Monday, 5 July 2010

Towards Zero (1944)

Plot: "When murder is the end and not the beginning"

Towards Zero keeps reminding you that it is an experimental book, but it's easy to forget that it is. It says at the start that the murder will happen at the end. Despite this, two murders happen roughly where you'd expect them to in a Christie book - one early on, and then a major one at about the halfway point. Duly, you at this point forget that this is all a sideshow and decide "ah, look at that, there's a definite murder". This is a mistake - when Christie tells you you should be thinking about a major murder to come and you don't, you're asking for trouble.

This is a book about predestination, about people being moved into place - some of them by a mad manipulator, and some of them by fate. It's about celestial clockwork being set in motion - although, that said, there are some odd things about this book:

1) Too many characters
Seriously, if you can remember who everyone is throughout, you're doing well. I've picked this book up to make notes on and am thinking "no, now hang on, is he the colonial adventurer or the noble suicide?". There's an equally baffling splay of girls and boys and it all gets quite confusing - not in the sense of "Who can the murderer be?" so much as "Who are all of you?".

2) Clever stuff
Inspector Battle is back, and is introduced in a brilliant mini-adventure about solving theft at his daughter's school which shows him off as the master of subtle social observation. It seems like a throw-away incident, but Christie reminds you at the end, it is not - it is vitally important to how Battle later works out who has done what.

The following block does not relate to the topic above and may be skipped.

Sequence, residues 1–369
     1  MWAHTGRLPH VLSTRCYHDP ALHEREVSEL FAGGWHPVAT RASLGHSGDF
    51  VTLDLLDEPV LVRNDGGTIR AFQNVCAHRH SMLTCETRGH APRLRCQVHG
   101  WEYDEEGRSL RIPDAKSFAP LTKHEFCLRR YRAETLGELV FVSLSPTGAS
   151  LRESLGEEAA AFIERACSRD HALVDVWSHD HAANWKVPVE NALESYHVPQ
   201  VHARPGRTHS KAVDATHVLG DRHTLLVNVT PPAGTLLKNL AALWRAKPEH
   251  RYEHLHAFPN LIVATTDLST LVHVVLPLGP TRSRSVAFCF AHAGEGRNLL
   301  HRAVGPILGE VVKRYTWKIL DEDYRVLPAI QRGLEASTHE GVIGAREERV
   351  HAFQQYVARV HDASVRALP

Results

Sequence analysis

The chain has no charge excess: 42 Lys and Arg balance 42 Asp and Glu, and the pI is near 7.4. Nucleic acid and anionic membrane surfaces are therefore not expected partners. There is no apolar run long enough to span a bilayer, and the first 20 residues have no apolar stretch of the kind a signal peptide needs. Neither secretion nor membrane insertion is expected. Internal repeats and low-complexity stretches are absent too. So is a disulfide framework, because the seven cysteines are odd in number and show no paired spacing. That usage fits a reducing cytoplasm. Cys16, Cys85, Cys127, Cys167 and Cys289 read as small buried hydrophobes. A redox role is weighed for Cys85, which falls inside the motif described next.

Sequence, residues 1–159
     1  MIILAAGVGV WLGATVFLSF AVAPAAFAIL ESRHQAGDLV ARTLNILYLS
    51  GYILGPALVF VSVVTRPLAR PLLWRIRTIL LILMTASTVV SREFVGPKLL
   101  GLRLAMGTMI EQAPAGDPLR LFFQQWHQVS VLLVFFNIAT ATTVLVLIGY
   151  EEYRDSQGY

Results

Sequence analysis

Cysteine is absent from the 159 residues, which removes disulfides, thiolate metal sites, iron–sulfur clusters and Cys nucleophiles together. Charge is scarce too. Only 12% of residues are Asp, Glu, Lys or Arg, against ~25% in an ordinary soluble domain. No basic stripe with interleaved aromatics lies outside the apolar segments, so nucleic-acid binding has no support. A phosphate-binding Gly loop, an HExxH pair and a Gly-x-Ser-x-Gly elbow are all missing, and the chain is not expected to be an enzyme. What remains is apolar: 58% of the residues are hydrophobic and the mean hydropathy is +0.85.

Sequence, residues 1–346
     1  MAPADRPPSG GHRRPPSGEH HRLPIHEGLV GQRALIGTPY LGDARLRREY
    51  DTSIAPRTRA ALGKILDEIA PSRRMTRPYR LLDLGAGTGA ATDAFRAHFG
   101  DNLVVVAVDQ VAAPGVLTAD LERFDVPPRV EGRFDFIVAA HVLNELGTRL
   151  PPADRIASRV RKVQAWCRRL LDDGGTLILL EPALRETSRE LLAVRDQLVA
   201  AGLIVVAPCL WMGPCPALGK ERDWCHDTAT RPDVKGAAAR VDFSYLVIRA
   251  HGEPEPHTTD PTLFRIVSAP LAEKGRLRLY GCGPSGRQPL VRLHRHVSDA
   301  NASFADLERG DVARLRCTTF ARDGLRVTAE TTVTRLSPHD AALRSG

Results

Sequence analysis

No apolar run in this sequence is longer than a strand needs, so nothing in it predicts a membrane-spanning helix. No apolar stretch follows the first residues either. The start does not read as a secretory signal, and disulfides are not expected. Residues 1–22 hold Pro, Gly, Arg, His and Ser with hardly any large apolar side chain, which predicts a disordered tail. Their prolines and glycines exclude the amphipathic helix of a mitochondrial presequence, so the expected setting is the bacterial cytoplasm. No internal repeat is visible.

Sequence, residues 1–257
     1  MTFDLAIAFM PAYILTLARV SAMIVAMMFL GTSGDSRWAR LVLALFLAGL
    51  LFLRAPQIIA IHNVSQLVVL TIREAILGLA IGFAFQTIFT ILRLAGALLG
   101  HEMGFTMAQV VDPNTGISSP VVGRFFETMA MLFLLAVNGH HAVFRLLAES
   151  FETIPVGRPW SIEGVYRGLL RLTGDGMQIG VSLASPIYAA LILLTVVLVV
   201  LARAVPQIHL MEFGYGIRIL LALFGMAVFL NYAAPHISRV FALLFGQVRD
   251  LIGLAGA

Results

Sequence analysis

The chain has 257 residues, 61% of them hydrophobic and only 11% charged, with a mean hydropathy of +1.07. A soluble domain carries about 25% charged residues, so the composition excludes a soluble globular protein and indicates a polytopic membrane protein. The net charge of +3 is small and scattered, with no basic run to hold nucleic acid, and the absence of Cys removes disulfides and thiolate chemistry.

3) Good lies
The resolution of the mystery relies on a good and clever character (who only now enters the story) guessing the remarkable way in which the murder was committed... and lying about it. This is interesting - especially as Battle knows and approves of the lie.

4) Things to be wary of
The story hinges on a dashing man trying to win back his first wife. Now, given what you know of how Christie looks at dashing ex-husbands, wounded first wives and troublesome second wives, see if you can guess who might be at the heart of the murder mystery?

5) Naming
Yes, it's very funny that a character is called Mr Royde. But there's also someone called Neville Strange. Which, when you get to the end of the book, appears all too clearly peculiar.

6) Something fishy
This book features an actual red herring in the form of a fishy smell which is... a fishy smell. I'm racking my head for a similar scent-related clue occuring in Christie, and I can't think of one, beyond the occasional mention of a whiff of bitter almonds.

7) The dancing boy
The book features Ted Latimer - the second Mrs Strange's best friend. He's curiously written - referred to as "a gigolo" or as something bright and loud and entertaining. But he's not actually gay - his flamboyance merely hides a broken heart. Curiously, it is his bitter observance of the characters of the book as "animals... happy and superior in your roped-off enclosure" that gets to the real nature of the people in the book (and the deceit they're wrapped up in).

8) Fate and clockwork
Interestingly, at the end of the book it's like a purging of a plague - not only is everyone now in the right place to marry the right people, but a curse has been lifted, and for the first time, if you think about it, you can perceive why everyone is in the position that they've been put in. It's quite a subtle trick that goes on - sometimes re-reading of various passages shows you that the reasons for something happening have been quite different to how the people involved have thought them.

1 comment:

  1. Towards Zero is one of my favourite Christies. I like the 'murder by heart attack'....